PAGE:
Controversial bid to split Ely conservation area house into two separate homes - with parking for only one of them- recommended for approval
- Credit: Archant
A controversial plan – first submitted in July- by Ely based property company Rannerlow to convert a house in the conservation area to two homes is being recommended for approval.
The company will be relying on an assessment by East Cambs planners that because the council has not been able to meet supply and demand, then all proposals have to be viewed differently.
Planning manager Rebecca Saunt will tell the planning committee on January 6: “The local planning authority is not currently able to demonstrate that it has an adequate five year supply of land for housing.
“Therefore, all local planning policies relating to the supply of housing must be considered out of date.”
She says the council is obliged to assess all applications in favour of sustainable development set out in the National Planning Policy Framework.
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“This means that development proposals should be approved unless any adverse effects of the development significantly and demonstrably outweigh the benefits
serving and enhancing the historic environment,” she says.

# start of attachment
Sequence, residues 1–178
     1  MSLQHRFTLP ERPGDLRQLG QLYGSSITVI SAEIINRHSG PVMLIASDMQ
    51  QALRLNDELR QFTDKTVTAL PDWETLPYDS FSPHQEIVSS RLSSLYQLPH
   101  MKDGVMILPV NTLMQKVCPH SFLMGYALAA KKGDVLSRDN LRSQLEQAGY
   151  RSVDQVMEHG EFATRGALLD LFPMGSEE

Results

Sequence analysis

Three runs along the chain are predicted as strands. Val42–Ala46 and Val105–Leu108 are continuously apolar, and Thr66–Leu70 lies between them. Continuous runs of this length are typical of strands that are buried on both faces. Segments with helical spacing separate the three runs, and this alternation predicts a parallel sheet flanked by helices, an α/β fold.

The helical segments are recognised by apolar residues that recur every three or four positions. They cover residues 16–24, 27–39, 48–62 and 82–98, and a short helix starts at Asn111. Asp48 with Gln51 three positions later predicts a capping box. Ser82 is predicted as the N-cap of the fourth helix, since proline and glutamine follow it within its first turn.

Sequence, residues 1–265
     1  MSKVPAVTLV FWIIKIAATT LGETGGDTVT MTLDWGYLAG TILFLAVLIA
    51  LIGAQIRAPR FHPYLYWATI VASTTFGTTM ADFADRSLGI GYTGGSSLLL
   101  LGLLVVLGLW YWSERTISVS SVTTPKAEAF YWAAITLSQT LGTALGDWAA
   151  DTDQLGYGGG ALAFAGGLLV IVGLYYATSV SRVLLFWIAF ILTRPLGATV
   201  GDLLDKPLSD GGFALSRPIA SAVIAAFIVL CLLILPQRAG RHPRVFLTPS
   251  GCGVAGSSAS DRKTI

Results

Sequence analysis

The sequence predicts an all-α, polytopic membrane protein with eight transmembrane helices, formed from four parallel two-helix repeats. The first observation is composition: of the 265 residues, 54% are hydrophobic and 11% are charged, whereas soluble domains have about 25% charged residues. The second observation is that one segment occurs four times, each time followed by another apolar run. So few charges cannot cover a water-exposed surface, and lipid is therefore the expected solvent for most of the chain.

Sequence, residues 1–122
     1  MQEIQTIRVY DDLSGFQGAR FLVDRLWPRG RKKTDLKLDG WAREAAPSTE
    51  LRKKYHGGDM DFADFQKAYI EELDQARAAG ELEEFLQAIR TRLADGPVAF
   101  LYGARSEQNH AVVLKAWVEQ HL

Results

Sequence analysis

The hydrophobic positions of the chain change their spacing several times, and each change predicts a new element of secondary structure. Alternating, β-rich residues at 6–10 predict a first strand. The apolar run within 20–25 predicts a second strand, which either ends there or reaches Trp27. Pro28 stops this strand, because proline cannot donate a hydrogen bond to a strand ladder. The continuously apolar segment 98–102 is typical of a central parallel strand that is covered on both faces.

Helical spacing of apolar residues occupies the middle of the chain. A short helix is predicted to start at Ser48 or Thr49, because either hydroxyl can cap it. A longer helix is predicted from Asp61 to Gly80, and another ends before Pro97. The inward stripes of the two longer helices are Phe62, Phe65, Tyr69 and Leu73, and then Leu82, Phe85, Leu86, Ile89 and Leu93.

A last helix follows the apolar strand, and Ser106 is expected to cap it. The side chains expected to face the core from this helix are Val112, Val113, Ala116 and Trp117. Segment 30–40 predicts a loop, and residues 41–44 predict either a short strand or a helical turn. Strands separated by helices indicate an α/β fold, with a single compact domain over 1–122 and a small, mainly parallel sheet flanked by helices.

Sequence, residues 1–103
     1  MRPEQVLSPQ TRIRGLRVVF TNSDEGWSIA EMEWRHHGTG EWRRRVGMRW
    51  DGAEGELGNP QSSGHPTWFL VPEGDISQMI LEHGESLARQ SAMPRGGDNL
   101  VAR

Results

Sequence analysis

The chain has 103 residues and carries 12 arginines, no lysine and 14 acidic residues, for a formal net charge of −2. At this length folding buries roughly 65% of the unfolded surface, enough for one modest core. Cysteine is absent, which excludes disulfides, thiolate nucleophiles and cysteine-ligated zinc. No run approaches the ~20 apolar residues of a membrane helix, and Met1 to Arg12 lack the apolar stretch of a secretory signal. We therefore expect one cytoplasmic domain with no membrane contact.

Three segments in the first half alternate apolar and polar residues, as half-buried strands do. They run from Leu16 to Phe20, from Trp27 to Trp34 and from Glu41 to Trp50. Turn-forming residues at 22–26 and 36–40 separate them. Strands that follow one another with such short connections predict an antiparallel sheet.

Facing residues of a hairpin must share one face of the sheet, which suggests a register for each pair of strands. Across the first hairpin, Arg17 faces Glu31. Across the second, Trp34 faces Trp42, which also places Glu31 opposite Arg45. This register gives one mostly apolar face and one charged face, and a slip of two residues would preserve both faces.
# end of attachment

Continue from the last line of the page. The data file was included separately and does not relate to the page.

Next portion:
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This could be good news for Rannerlow who want to convert 2 Barton Square into two separate homes – even though parking space will be available for only one of them.
Councillors Lis Every and Richard Hobbs, the ward councillors, oppose the application which they insist is over development and will have an affect on the historic outlook of the nearby cathedral.
Objections that included loss of two trees no longer apply, councillors will be told, since two replacements will compensate for the loss.
One supporter of the scheme told the council that “given the county council cut down two trees on the square with no consultation seems harsh to refuse this application on the removal of two unremarkable trees”.
And the committee will hear that planners believe an extension to the property has been “designed sympathetically to the house”.
As regards only one parking space, planners point out that many homes in Ely have limited or no access to parking.
“On balance it is considered that the lack of one parking space would not be sufficient reason to warrant the refusal of this application,” says Ms Saunt.